The US Treasury Department is considering granting a temporary reprieve to automakers who are struggling to meet the new requirements for electric vehicle (EV) tax credits under the Inflation Reduction Act (IRA), according to a report by Bloomberg Law.
The IRA, signed by President Joe Biden in August 2022, extends the existing $7,500 tax credit for EV purchases and eliminates the 200,000-unit-per-manufacturer sales cap that phased out incentives for some automakers. However, the new law also imposes stricter rules on the sourcing and content of EV batteries and components, which are aimed at boosting domestic production and reducing reliance on China.
According to the law, vehicles can qualify for the full incentive if at least 50% of battery components are made in North America, and if 40% of the value of raw materials in the battery are extracted from or processed domestically, or in countries the US has free-trade agreements with. Additionally, automakers cannot source battery components and critical minerals from foreign entities of concern, which include US geopolitical adversaries.
Automakers Face Challenges
The new rules, which took effect on April 18, 2023, have reduced the number of models eligible for the full or partial tax credit to about 20, according to the government’s website. Many automakers are finding it difficult to comply with the new requirements, as they rely heavily on imported batteries and materials from China and other countries.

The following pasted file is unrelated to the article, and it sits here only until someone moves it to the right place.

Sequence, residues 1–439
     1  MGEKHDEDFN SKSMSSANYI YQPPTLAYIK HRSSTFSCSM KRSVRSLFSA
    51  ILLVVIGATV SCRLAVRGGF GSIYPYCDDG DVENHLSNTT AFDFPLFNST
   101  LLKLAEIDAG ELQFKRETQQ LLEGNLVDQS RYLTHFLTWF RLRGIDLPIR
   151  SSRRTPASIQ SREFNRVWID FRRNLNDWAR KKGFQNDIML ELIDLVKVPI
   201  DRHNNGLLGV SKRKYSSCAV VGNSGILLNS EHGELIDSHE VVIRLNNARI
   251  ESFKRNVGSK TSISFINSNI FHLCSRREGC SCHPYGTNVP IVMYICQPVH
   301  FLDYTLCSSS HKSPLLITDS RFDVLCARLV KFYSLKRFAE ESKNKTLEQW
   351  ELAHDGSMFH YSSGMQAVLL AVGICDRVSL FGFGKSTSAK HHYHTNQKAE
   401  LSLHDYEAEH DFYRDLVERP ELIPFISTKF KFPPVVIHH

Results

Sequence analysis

The Treasury Department has not yet finalized the definitions and procedures for determining the eligibility of EVs and batteries, and has asked automakers to self-certify their compliance based on the guidance issued in April. However, some automakers have expressed concerns about the lack of clarity and certainty, and the potential penalties for non-compliance.
Treasury Considers Reprieve
According to Bloomberg Law, the Treasury Department is weighing the option of granting a temporary reprieve to automakers who are unable to meet the new rules, allowing them to continue receiving the tax credit until they can adjust their supply chains and production. The reprieve could last for several months or until the end of the year, depending on the progress of the industry and the availability of domestic battery capacity.
The Treasury Department has not confirmed or denied the report, but has said that it is working closely with the industry and other stakeholders to implement the IRA in a way that supports the transition to EVs and the development of a competitive US battery industry. The department has also said that it expects the number of eligible EVs to increase in the long term, as more domestic production comes online.
The reprieve, if granted, could provide some relief to automakers who are facing pressure from the Biden administration to accelerate their EV plans and investments. The IRA also includes incentives for manufacturers, such as grants, loans, and tax credits, to build or expand EV and battery factories in the US. According to Bloomberg, more than $52 billion in EV and battery investment has been announced in the US since the IRA was passed.